Friday, December 8, 2023



When Charly started getting old, her good behaviour deteriorated noticeably…particularly in relation to food.  It became difficult to reinforce the rules given her deafness, but her misbehaviour could not simply be attributed to not hearing our commands.  As a young dog, she had kept her distance as we ate and maintained some manners, but as a senior, she threw caution to the wind.  She would come very close to us when we were eating.  At times she inched forward as my daughter ate “floor-picnic” snack plates…slowing creeping until her long tongue could lick something up.  “What do I have to lose?" she thought (I think), "A little chastisement?  Short ostracization?” 


It is this brazen disregard that I recall every December.  One Monday evening, we had gone out for dinner to celebrate my daughter’s birthday.  We had stopped at home first, and I should have taken two minutes to feed Charly.  I didn’t.  And, senior Charly no longer had the stomach or the patience to wait…not when there was wrapped up food underneath the Christmas tree (unbeknownst to us).  While we were eating, so was Charly.  When we came home, the living room floor was strewn with paper and aluminum foil.  We pieced together what it was that she had found.  The chocolate had come from overseas, and my spouse frantically called his family to find out what it had been, and how much:  four large chocolate bars in various flavours.  Simultaneously, I read out over the phone to the animal hospital staff grams and percentages of cacao from saliva saturated scraps of recovered paper.  Their calculations revealed a low level of toxin…until we found the extra-dark-chocolate wrapper.  Then, we all scrambled in the car and raced to animal emergency.  


Charly was fed charcoal to absorb the toxin and induce vomiting…three times over the course of many hours.  I cried as we left her and drove home in the dark.  I kept my phone by my bed, waking frequently and anticipating a call with dire news.  But, the sun rose and the next day passed.  She was going to be fine, the hospital staff said, and we should pick her up because she refused to eat any more charcoal.  That was the vet bill that led to the establishment of a savings account for Charly.  And that was the last time in our home that chocolate was ever left unattended.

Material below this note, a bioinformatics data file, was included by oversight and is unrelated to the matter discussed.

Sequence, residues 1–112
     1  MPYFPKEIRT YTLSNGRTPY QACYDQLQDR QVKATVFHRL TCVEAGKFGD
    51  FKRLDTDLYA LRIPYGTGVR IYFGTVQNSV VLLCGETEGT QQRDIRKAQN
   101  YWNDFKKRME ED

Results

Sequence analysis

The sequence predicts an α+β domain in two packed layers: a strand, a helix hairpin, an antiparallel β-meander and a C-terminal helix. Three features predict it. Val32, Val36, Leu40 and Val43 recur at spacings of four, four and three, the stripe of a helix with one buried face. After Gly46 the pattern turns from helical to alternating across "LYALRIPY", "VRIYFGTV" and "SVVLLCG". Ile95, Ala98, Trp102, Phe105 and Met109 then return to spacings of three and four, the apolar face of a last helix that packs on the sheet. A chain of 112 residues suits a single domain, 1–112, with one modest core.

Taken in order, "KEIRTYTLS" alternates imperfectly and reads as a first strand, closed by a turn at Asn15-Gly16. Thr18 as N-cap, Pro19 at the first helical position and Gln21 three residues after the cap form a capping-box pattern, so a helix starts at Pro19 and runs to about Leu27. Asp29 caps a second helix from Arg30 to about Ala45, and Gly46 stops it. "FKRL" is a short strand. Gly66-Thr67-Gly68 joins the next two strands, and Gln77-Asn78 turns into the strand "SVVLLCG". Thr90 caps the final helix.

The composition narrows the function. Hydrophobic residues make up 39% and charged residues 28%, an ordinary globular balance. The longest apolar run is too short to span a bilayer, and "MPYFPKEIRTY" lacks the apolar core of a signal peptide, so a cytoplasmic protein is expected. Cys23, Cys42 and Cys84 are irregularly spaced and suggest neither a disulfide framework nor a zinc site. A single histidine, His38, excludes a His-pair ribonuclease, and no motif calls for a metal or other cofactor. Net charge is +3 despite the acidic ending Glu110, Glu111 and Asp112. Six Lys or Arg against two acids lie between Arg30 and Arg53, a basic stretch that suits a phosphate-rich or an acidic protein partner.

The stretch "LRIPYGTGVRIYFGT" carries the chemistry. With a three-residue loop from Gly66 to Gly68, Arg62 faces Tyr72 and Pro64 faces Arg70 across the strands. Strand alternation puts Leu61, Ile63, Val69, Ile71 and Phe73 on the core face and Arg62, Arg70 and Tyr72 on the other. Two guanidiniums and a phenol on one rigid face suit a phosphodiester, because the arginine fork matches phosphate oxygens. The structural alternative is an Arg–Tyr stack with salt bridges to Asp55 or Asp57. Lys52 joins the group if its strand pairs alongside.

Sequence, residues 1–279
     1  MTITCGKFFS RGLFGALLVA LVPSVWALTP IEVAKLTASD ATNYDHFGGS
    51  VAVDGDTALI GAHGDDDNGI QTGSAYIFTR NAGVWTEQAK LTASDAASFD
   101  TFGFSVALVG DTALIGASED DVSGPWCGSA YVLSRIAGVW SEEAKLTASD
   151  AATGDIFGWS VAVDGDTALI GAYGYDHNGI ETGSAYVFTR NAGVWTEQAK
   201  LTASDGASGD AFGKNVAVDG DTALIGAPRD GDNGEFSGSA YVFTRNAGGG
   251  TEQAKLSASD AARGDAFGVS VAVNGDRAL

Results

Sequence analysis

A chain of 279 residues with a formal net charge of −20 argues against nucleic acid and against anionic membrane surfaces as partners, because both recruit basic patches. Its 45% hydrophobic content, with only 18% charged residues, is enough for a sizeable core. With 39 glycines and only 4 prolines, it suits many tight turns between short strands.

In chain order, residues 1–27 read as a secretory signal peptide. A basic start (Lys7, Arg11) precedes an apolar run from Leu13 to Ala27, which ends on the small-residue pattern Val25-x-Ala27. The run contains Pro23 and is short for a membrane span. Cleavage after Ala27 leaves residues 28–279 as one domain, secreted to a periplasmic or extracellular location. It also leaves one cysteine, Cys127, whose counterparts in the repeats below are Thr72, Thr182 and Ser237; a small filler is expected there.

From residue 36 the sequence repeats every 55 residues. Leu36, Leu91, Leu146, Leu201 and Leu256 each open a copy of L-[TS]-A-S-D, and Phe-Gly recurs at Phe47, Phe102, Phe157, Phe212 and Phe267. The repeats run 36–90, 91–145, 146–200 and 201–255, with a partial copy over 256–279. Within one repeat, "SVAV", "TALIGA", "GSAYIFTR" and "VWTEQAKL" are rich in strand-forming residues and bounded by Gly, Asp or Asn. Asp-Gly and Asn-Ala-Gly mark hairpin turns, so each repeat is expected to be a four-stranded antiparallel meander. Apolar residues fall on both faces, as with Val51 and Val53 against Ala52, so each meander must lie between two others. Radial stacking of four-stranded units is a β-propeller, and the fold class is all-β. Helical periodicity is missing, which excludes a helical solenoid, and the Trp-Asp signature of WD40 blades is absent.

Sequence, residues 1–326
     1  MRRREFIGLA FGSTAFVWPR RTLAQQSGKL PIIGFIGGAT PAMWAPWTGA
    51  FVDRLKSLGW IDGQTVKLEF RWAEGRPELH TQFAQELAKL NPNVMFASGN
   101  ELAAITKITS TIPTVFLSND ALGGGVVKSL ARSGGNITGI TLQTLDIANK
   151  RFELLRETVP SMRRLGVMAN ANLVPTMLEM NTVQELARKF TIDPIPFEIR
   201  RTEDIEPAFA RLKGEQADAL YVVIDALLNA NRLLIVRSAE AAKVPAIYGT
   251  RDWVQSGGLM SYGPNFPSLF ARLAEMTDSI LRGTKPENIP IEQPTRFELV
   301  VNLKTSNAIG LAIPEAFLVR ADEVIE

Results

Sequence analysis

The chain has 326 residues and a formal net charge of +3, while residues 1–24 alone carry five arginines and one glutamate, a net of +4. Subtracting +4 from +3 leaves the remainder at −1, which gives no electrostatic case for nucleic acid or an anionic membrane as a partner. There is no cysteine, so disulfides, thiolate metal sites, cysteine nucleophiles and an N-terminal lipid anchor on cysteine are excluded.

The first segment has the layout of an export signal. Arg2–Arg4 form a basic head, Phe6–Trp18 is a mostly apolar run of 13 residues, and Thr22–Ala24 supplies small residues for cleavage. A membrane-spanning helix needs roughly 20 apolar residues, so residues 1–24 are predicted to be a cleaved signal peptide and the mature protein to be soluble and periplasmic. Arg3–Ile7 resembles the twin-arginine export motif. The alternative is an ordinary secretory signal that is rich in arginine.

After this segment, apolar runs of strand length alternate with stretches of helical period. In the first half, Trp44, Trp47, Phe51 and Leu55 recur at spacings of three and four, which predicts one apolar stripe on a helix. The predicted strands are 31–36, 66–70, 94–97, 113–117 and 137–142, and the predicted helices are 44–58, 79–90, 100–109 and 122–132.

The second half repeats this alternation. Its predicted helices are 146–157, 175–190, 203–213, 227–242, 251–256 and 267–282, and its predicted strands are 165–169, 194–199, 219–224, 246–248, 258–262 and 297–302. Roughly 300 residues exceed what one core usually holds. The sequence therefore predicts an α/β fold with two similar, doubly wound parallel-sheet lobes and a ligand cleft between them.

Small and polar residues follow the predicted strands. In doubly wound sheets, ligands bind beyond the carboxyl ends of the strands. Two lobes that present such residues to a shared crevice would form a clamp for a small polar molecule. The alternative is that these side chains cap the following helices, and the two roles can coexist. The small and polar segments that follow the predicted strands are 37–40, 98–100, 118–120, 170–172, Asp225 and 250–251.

Happy holidays!!  Read more OldDogBlog on January 5, 2024.

Friday, December 1, 2023

Sled Dog


Charly spent many weeks as a puppy at my parent’s cottage in the prairies when it was winter – an early and heavy winter.  She loved the snow.  She loved stealing one of my red 2010 Olympic mittens off my hand and giving chase…turning and darting by me…taunting.  She was small enough at first that I didn’t need a leash for her – I could outrun her even in heavy winter boots.  I could grab that mitten and then a tug of war ensued.  She could get a lot of exercise running in that deep snow…that meant I could get more sleep.  But, slowly, she started to out run me and we had to use the leash in the yard and on the frozen lake.  Charly was terrible on that leash…so driven and excited – having tasted freedom.  My dad nicknamed her Sled Dog.  Sled Dog never totally accepted any leash. 

When my daughter was born, I started using a waist leash so I could push the stroller and also exercise Charly.  Sometimes we’d run together using that waist leash.  My weight kept her in check, though she pulled me off balance enough times for me to always watch for her triggers so I wouldn’t get bowled over.  Years later when she was 11, I was harnessing my old Sled Dog with the waist leash for a walk, and it broke right at the part where my belt joins the stretchy part of her leash.  In haste to get the morning routine underway, I connected it with a cookie-bag twist tie that was handy and hung onto the top of the stretchy part just in case.  Why did I attach that twist tie?  I honestly don’t know…because for thousands of walks we’ve been habitually harnessed to each other?  And now, that twist tie has held for over a year and a half.  I laugh to myself – all that we need is a wire to stay connected now.  Sled Dog has finally retired.

Practically perfect…even at Hallowe’en

Let’s ponder OldDogBlogs “Practically perfect” from March 13, 2024 and “Brazen” from December 8, 2023.   Essentially, let’s just add them to...